Efficiency was not calculated for the present effort. However, it can be surmised that the task will be comparable to the method of tough cases, given that scenario events are designed to focus the responses on specific types of information and that data can be collected from more than one expert at a time.

Task Artificiality

Task artificiality refers to the extent to which knowledge can be elicited on tasks that occur in the experience of the expert (Hoffman, 1987). As with approaches such as the method of tough cases, special, infrequently occurring job situations may be presented to experts in order to reveal aspects of problem-solving approaches that may not be apparent under nominal conditions.

Validity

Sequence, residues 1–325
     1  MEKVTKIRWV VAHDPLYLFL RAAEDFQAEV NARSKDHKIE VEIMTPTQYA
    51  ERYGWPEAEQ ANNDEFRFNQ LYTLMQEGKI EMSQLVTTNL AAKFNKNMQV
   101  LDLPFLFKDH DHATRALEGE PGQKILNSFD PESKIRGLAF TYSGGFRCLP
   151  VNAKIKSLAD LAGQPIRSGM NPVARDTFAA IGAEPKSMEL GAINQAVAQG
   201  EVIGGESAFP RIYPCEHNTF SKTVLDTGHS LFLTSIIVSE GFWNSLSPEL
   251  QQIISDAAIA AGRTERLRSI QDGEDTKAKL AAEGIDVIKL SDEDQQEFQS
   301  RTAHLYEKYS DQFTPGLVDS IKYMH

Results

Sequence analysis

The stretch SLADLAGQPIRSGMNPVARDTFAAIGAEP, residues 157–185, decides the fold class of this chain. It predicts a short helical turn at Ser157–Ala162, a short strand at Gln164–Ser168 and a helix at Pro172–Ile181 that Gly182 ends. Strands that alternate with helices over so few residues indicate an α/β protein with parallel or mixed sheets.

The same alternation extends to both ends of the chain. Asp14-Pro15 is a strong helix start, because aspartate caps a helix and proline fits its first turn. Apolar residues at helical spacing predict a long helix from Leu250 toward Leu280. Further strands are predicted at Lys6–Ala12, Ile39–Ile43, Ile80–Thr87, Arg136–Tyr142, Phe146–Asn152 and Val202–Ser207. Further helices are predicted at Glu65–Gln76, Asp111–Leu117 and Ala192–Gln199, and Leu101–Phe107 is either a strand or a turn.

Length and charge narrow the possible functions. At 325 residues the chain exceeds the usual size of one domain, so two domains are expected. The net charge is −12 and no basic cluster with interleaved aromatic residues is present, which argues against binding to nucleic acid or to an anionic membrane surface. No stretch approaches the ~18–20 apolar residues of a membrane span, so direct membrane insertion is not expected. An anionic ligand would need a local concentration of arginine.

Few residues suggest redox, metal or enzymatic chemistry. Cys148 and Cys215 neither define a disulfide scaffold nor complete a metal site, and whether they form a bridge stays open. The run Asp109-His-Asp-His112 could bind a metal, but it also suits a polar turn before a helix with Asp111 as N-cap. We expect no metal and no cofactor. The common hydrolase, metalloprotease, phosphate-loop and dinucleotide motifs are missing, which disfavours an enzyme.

Finally, validity, as defined by Hoffman (1987), refers to whether the data resulting from the technique provides correct and important information about expert knowledge and reasoning. The results suggest that the methodology will result in differences among respondents based on their experience along the lines of what would be expected based on novice-expert differences, a finding that would seem important for any knowledge elicitation technique. It is also a technique, as implemented for the present research, that lends itself to collecting responses from many respondents on similar, meaningful job situations. This can ensure completeness of the data and enable the assessment of expert agreement. The real key to obtaining valid data with the technique is the up-front analysis that results in targeted scenario events.